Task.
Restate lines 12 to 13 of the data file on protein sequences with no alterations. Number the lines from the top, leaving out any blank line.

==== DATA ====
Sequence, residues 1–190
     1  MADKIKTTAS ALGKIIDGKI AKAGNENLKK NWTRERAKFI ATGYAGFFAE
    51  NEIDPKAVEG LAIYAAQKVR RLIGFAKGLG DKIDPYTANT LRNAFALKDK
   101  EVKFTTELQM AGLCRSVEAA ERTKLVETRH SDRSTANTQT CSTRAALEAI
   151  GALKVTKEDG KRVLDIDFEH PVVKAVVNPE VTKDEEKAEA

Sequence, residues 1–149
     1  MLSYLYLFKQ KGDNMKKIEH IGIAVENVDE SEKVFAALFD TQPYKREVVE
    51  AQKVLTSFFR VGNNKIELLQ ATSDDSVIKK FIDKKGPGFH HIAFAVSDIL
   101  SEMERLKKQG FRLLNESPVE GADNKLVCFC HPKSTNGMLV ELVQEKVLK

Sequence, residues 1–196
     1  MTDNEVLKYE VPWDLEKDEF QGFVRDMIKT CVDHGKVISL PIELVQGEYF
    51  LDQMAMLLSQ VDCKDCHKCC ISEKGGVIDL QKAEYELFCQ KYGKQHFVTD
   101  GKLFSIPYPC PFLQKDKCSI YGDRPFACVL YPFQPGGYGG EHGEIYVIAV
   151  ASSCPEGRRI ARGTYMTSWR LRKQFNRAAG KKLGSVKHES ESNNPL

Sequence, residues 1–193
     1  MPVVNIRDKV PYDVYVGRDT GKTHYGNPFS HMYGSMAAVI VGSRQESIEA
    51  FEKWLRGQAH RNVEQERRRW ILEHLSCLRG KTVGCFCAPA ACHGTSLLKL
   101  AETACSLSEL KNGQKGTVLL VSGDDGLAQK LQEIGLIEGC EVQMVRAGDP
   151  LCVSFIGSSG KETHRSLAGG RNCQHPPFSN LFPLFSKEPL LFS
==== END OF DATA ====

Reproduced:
    51  LDQMAMLLSQ VDCKDCHKCC ISEKGGVIDL QKAEYELFCQ KYGKQHFVTD
   101  GKLFSIPYPC PFLQKDKCSI YGDRPFACVL YPFQPGGYGG EHGEIYVIAV